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abstract = "Background and Aims. There is a strong epidemiologic association between diabetes mellitus (DM) and hepatitis C virus (HCV) infection. However, the pathogenetic basis for this association has not been established. We sought to evaluate the association between insulin resistance (IR), β-cell dysfunction, and HCV among orthotopic liver transplant (OLT) recipients. Methods. We performed a cross sectional analysis comparing 39 HCV(+) with 60 HCV(-) OLT recipients. IR and β-cell function were calculated using validated measures and were correlated with clinical variables. Results. By multivariate analysis of the entire cohort, HCV infection and body mass index (BMI) were independent predictors of IR (P=0.04 and 0.0006, respectively). HCV infection was associated with 35{\%} increase in IR. Because the model used to calculate IR was derived from nondiabetic subjects, we performed additional analysis of patients who did not meet criteria for diabetes at the time of their study evaluation. In this analysis, HCV(+) subjects had greater fasting insulin and homeostasis model assessment (HOMA) IR (15.3 μ U/mL and 3.8) compared with HCV(-) patients (10.7 μ U/mL and 2.5) (P=0.03, 0.03). There was no difference in β-cell function or hepatic insulin extraction between the HCV (+) and (-) groups. HCV (P=0.0005), BMI (P<0.0001), and high high-density lipoprotein (P=0.039) were the only independent predictors of IR. The presence of HCV infection and a 10-fold increase in HCV RNA were associated with a 62{\%} and 8{\%} increase in IR, respectively. Conclusions. HCV is independently associated with increased IR after OLT. These findings provide a possible pathogenetic basis for the association of DM with HCV.",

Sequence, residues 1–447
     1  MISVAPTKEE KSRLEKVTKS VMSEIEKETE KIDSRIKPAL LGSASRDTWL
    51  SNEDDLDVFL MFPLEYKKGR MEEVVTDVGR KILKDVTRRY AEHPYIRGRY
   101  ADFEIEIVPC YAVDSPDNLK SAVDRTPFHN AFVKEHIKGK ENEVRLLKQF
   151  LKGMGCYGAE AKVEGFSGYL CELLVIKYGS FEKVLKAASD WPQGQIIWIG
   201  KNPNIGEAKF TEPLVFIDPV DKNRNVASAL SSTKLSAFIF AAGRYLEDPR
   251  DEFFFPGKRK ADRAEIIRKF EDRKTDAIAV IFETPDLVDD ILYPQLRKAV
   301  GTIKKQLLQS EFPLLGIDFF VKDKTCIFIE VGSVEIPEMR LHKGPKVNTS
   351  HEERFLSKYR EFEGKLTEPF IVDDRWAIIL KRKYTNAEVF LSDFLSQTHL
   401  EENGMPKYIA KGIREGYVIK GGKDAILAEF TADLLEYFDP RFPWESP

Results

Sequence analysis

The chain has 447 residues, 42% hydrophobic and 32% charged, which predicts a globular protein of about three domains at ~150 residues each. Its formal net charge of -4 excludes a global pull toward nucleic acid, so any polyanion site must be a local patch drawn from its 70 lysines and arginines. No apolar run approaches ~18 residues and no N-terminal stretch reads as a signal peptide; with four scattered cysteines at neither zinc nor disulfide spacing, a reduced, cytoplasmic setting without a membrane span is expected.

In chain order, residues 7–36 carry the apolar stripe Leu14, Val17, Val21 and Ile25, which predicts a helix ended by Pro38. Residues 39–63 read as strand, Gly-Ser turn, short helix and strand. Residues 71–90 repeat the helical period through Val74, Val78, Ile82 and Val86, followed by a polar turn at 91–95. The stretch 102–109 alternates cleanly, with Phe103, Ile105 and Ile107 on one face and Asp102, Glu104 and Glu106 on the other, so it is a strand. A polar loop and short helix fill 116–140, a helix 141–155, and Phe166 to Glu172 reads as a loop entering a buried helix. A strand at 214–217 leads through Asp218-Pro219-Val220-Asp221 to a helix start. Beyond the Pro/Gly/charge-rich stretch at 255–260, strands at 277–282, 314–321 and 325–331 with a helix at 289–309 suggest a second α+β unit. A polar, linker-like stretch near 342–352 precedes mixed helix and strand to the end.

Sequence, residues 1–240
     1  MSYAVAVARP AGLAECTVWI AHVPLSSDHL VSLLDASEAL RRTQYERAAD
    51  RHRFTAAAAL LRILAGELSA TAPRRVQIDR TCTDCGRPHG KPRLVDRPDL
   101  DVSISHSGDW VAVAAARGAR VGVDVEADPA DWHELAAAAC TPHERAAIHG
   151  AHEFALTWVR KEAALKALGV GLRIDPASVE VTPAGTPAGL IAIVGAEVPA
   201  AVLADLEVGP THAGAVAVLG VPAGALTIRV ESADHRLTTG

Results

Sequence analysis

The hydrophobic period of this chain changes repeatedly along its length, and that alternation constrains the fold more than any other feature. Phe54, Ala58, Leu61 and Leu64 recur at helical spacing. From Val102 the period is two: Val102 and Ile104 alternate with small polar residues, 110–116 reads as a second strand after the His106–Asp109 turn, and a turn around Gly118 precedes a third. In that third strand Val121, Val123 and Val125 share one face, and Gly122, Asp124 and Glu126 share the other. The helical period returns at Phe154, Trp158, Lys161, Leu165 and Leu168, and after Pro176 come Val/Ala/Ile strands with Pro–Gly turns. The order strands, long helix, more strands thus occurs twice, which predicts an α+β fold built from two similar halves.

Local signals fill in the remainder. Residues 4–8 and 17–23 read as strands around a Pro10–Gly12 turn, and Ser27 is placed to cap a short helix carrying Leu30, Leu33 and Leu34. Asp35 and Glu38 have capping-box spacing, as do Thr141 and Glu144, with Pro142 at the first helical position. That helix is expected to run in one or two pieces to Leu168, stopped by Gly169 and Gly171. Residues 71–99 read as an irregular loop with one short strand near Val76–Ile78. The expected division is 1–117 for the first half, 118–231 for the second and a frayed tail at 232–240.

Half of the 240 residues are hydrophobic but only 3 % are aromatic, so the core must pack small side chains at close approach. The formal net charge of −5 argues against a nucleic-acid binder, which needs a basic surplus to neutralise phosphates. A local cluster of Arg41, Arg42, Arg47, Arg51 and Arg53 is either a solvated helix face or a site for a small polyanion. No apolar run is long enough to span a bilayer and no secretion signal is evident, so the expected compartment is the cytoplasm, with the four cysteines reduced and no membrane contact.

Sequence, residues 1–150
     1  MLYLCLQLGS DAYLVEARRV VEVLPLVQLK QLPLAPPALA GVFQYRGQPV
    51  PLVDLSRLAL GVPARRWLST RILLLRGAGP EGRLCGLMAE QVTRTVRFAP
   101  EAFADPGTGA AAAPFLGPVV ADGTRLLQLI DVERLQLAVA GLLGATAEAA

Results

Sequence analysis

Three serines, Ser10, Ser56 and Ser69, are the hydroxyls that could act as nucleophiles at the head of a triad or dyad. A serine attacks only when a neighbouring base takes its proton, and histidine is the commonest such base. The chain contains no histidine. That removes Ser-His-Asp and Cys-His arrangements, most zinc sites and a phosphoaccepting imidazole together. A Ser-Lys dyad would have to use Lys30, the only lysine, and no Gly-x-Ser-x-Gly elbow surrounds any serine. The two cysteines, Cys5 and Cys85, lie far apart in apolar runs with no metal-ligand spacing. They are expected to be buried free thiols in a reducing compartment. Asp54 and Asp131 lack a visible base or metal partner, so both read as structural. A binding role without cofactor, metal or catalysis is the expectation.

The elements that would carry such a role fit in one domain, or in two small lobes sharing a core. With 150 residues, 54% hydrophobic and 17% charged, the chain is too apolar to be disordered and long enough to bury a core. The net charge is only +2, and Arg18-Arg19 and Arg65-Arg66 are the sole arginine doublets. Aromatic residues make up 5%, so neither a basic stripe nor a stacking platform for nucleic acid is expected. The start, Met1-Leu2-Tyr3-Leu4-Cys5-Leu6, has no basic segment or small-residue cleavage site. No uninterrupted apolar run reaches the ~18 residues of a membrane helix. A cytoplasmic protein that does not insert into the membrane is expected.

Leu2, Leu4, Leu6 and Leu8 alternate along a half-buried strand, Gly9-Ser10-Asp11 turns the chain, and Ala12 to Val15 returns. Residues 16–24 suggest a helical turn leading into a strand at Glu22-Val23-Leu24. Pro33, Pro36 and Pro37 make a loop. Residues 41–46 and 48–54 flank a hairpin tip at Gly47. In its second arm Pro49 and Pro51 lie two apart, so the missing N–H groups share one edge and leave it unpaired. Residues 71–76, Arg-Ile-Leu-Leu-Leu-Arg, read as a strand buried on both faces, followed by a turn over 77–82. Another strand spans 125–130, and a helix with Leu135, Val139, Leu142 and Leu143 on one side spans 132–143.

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T1 - Hepatitis C virus is independently associated with increased insulin resistance after liver transplantation